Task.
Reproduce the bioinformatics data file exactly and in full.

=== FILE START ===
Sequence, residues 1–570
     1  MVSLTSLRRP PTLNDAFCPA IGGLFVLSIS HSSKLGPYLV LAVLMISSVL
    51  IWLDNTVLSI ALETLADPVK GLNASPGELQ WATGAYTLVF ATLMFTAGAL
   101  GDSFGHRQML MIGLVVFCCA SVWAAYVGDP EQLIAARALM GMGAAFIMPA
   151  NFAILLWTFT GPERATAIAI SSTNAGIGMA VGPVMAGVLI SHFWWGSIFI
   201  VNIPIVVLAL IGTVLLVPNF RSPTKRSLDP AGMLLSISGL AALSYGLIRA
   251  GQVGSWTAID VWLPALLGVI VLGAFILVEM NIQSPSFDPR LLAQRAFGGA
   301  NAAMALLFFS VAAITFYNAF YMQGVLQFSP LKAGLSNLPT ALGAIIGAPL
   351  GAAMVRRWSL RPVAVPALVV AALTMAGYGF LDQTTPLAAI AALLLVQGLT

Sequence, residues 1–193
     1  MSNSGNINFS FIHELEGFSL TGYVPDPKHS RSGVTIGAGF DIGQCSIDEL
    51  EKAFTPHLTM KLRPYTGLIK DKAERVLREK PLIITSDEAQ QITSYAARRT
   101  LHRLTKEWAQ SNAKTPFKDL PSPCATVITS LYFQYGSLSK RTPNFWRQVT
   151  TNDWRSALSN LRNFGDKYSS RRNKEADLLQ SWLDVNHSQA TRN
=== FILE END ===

Sequence, residues 1–570
     1  MVSLTSLRRP PTLNDAFCPA IGGLFVLSIS HSSKLGPYLV LAVLMISSVL
    51  IWLDNTVLSI ALETLADPVK GLNASPGELQ WATGAYTLVF ATLMFTAGAL
   101  GDSFGHRQML MIGLVVFCCA SVWAAYVGDP EQLIAARALM GMGAAFIMPA
   151  NFAILLWTFT GPERATAIAI SSTNAGIGMA VGPVMAGVLI SHFWWGSIFI
   201  VNIPIVVLAL IGTVLLVPNF RSPTKRSLDP AGMLLSISGL AALSYGLIRA
   251  GQVGSWTAID VWLPALLGVI VLGAFILVEM NIQSPSFDPR LLAQRAFGGA
   301  NAAMALLFFS VAAITFYNAF YMQGVLQFSP LKAGLSNLPT ALGAIIGAPL
   351  GAAMVRRWSL RPVAVPALVV AALTMAGYGF LDQTTPLAAI AALLLVQGLT

Sequence, residues 1–193
     1  MSNSGNINFS FIHELEGFSL TGYVPDPKHS RSGVTIGAGF DIGQCSIDEL
    51  EKAFTPHLTM KLRPYTGLIK DKAERVLREK PLIITSDEAQ QITSYAARRT
   101  LHRLTKEWAQ SNAKTPFKDL PSPCATVITS LYFQYGSLSK RTPNFWRQVT
   151  TNDWRSALSN LRNFGDKYSS RRNKEADLLQ SWLDVNHSQA TRN